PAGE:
Sports | Seoul trained

One McGill alumnus stumbles upon celebrity in the South Korean sports world

Ted Smith – a Calgarian, McGill alumnus (2009), co-founder of the McGill Fight Band, and fervent sinophile – is a brigade leader for South Korean sports teams the Nexen Heroes (baseball) and Anyang Halla (hockey), and a self-described “D-list” celebrity in South Korea.
Henry Gass spoke with him last week on Smith’s last day as an English teacher at a Seoul elementary school.

The McGill Daily: So what exactly do you do at these games?

Ted Smith: In Asian pro sports, in general, they have this thing called the “cheering brigade.” Asian fans, when they go to sports games, like to participate in a really active way and in a really organized way, similar to European soccer, but almost more intricate.

So I started doing this at baseball games. Some guy stands in front and leads the singing and the cheering, and the cheerleaders behind him do dance moves. So I am the guy – I am the leader. I stand up there on a stage with a whistle in my mouth, and I command people to cheer. And they obey.

MD: And did you just start doing this spontaneously?

TS: I was very familiar with this culture. When I moved to Seoul, I started following a team called the Nexen Heroes, and I really liked them – and, of course, just going to all the games, I learned songs. So when I actually had the opportunity to get up on stage, I already knew everything I was supposed to do. So that came very naturally.

Normally nobody gets up and does it. Korean people are very shy, so usually it’ll just be some noisy guy, with maybe an air horn or something like that. At one of the away games, I was standing in front of my friends leading them, and I just said, after the game, “Tomorrow night, why don’t we all go sit down by the stage?” So I went out and bought a whistle the next day, and I came to the game having no idea what was going to happen, whether or not someone was going to try and, like, remove me from the stadium if I actually got up on the stage. So during the second inning – I was so nervous – during the second inning, I just kind of walked onto the stage very suddenly, started blowing my whistle and started bowing.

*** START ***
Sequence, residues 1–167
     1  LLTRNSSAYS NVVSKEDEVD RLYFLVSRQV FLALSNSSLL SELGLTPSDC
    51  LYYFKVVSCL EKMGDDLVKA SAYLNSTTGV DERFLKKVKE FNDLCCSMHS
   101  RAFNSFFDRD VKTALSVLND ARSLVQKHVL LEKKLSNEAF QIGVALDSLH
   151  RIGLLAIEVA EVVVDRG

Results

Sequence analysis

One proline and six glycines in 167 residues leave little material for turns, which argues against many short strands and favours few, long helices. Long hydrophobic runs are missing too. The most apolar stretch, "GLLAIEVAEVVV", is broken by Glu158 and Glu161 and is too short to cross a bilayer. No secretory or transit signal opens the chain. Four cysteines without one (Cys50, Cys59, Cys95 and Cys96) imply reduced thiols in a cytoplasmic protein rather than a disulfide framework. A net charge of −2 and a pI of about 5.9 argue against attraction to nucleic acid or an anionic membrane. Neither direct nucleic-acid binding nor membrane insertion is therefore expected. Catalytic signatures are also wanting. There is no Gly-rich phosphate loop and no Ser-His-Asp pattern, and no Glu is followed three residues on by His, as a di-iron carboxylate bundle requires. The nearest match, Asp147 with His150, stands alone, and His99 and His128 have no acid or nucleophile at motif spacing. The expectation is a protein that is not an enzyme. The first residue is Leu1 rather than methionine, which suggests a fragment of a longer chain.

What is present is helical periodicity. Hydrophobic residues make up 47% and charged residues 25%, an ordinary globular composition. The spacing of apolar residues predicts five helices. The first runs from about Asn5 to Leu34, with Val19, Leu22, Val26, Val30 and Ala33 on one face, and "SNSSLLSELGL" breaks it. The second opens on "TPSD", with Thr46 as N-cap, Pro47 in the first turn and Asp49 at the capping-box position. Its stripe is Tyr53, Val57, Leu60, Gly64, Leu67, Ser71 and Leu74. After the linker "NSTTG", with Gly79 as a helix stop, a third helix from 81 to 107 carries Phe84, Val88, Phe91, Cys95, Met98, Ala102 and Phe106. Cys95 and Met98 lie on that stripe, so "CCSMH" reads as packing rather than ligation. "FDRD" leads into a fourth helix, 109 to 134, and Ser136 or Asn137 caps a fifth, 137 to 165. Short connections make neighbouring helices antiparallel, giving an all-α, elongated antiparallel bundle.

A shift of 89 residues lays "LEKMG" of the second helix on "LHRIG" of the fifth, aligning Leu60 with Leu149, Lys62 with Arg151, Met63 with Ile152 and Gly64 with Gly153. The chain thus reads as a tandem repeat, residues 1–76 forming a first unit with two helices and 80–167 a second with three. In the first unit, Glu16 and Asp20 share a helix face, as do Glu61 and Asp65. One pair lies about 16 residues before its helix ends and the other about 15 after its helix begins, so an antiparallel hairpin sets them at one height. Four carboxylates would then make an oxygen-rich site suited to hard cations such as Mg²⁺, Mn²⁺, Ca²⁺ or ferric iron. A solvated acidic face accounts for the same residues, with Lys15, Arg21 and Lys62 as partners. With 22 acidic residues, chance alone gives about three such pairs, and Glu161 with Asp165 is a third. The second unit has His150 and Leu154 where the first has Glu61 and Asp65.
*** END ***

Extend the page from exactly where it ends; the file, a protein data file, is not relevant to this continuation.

By the end of the season, when I had gotten enough notoriety, they started just letting me into games. When I was at away games I would usually just go and buy the cheapest nosebleed ticket and then walk through the stadium and be like, “Excuse me, I’m the guy,” and look really self-important, as if I’m really supposed to be there, and people would just open the door for me and not ask questions. Yeah, it got to that point where I would just walk around the league and everyone was like, “Oh, it’s that dancing white man.”

I guess I became a minor celebrity within the Korean baseball world. Most people don’t know my actual name, though. I have all these nicknames that were given to me in Internet chat rooms: “The Blue-Eyed Brigade Leader”; Nextongryeong, which means “The President of Nexen,” or “The Blue-Eyed President of Nexen,” stuff like that.

And my detractors, there are a bunch of people – haters – online as well, they called me Hyeotler, which is a contraction of Hitler – “The Hitler of the Heroes.” On my fan page somebody made a photo composite of me, and the next shot is Joseph Goebbels. He’s giving a speech in Nuremberg, I think, and then there’s me giving a speech at the game, and the pose is almost identical, and the hair style also. The likeness was just incredible.

MD: So you’re a minor celebrity in baseball. What is that relative to a major celebrity in Korea?

TS: No, I am way down on the D-list, for sure.